I can’t remember a time when the NFL hasn’t been at some point or another during the course of a season been referred to by somebody as the “No Fun League”. While it has increasingly come to be associated with a disenchantment over the fact that the league has vastly expanded player protections on the field to limit big hits to defenseless players, there has been great scrutiny over an influx of penalties for celebrations.
And the league has evidently taken notice, suggesting that we could see some alteration to how they have their officials legislate celebrations that may walk the line of acceptability. Given the numerous penalties that Pittsburgh Steelers wide receiver Antonio Brown received in this regard just last season alone, this is a topic that is particularly relevant, especially if you consider the team’s recent financial investment in his future.
According to an article from USA Today, the NFL drew 30 “demonstration” penalties over the course of the season, which is more than the previous two seasons combined. And even those numbers tower over the mere five such penalties from the 2013 season. Given the stark rise in penalties, it would seem wise to review the rule and what to emphasize within the rule.
The NFL even poked fun at the idea when Commissioner Roger Goodell appeared in a sketch about excessive celebration penalties with Keegan-Michael Key, half of Kee & Peele, a comedy duo who boasts as one of its most popular sketches one about the NFL’s excessive celebration penalties, legislating how many ‘pumps’ one can take before drawing a flag.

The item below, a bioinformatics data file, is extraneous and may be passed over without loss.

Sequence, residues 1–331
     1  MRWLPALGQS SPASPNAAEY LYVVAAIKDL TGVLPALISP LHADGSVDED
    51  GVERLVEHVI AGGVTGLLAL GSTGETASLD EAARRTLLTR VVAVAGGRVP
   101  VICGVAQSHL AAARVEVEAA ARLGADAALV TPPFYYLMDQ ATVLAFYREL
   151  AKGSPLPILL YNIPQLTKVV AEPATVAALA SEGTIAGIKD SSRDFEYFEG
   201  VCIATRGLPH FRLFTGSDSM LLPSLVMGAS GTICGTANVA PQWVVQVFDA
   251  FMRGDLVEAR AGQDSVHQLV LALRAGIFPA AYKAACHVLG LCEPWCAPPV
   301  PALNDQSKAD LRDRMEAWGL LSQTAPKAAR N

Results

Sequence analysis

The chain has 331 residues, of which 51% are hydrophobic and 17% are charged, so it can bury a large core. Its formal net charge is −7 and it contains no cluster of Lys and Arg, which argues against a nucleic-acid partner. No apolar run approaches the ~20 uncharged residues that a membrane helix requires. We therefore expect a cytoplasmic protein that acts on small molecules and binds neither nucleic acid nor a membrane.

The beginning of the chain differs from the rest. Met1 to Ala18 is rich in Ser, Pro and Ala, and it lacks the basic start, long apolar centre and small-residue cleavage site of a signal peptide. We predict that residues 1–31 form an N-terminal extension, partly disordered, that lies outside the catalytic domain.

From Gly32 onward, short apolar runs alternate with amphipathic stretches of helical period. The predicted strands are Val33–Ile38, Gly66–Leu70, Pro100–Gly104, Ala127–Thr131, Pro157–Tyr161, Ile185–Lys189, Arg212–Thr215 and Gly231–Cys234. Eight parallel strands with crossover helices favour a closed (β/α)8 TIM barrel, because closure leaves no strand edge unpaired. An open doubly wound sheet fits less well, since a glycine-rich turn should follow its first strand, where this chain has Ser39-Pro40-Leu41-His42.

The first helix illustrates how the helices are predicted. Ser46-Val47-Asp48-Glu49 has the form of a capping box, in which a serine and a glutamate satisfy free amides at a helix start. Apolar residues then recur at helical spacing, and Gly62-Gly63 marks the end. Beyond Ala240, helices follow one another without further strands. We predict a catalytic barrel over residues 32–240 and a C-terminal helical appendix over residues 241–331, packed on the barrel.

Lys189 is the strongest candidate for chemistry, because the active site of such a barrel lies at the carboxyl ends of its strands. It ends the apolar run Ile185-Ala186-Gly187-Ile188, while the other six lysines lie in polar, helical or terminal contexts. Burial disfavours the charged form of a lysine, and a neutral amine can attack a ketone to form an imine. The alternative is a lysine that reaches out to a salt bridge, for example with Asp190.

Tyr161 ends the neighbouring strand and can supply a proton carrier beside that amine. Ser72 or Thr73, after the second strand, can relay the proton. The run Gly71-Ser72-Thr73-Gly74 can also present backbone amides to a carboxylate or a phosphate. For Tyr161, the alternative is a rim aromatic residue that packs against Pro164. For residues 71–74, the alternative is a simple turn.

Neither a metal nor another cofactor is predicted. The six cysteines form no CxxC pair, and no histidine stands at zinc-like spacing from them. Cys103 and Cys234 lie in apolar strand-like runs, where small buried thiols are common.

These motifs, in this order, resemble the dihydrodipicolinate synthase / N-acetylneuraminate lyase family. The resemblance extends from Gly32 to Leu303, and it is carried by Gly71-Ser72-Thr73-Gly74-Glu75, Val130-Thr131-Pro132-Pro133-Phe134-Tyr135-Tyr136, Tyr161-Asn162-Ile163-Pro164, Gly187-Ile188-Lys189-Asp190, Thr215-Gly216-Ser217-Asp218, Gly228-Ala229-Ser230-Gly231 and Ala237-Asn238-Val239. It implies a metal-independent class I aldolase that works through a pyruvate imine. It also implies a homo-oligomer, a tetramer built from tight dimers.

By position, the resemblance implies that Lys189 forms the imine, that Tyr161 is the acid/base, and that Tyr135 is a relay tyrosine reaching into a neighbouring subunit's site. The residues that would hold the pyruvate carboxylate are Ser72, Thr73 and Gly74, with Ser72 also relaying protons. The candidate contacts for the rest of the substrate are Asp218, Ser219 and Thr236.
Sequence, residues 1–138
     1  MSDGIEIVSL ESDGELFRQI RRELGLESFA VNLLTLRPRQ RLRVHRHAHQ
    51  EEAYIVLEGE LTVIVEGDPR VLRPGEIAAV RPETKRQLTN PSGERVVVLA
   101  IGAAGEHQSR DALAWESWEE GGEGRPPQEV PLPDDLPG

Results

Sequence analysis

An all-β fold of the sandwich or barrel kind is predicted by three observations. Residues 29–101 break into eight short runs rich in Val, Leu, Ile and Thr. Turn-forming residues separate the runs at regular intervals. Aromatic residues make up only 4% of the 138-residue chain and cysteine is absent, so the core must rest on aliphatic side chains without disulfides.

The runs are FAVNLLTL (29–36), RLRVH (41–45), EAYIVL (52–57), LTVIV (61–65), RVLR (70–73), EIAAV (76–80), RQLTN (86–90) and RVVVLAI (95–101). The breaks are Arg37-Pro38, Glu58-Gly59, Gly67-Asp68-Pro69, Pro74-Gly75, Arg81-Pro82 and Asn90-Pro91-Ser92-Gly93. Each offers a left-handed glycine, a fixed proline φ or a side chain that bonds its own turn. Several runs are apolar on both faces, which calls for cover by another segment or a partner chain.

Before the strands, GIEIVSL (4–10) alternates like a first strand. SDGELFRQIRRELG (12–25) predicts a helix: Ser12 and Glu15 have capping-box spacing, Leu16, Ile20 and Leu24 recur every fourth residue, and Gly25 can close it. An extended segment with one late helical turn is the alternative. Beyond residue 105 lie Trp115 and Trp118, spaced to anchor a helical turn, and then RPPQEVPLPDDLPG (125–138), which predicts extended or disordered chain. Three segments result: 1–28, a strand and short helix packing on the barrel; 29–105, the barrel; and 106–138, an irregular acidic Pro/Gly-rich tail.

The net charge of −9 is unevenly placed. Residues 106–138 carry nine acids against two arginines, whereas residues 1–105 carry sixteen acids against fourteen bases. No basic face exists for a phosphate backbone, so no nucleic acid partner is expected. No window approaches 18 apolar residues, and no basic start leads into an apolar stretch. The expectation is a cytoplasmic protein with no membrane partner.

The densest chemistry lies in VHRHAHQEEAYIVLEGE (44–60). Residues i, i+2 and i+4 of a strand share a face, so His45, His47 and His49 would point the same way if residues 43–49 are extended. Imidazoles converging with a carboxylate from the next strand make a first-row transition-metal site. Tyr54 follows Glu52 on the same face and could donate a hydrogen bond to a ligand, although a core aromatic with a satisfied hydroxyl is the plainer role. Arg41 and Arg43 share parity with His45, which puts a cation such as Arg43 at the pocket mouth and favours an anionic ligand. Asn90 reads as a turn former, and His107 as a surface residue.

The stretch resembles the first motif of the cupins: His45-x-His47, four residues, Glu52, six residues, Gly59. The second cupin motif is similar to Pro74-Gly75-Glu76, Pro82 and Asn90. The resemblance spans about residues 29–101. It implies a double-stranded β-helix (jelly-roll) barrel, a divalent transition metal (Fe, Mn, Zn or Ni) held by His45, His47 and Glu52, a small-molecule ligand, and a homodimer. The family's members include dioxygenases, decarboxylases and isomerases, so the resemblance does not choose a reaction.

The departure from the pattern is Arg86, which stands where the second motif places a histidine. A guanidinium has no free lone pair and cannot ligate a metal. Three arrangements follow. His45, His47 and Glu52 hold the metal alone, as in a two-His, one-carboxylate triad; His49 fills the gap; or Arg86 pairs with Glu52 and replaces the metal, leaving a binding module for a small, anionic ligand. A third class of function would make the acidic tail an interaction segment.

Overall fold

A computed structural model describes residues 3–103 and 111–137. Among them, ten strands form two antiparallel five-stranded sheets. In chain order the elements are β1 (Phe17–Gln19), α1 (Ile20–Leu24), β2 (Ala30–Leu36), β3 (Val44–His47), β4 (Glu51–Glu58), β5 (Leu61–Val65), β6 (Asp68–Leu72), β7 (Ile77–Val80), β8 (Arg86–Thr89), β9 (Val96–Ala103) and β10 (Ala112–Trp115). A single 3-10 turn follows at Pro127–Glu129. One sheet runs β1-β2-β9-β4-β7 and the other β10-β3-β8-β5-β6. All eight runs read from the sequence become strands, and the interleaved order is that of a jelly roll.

Just last night, the league’s own official Twitter account shared a video featuring players on the Saints demonstrating a clearly orchestrated celebration of a game of leapfrog in the end zone from several years ago. I think there is no question that such a celebration in today’s NFL would draw a penalty and a fine for all parties involved.
The latter is, of course, hypocrisy until proven otherwise, as the NFL has a history of blind spots when it comes to exploiting things that they penalize and fine players for, particularly big hits. There have been instances in which a photograph of a hit that drew a suspension for the player was available for purchase through the league’s own website.
Personally, I don’t know anybody who follows the game and doesn’t think that the sort of celebrations that players have gotten penalized for over the course of the past few years is getting out of hand. I’m sure they exist, but they certainly appear to be in the minority, and most would welcome some lightening up in the league’s office.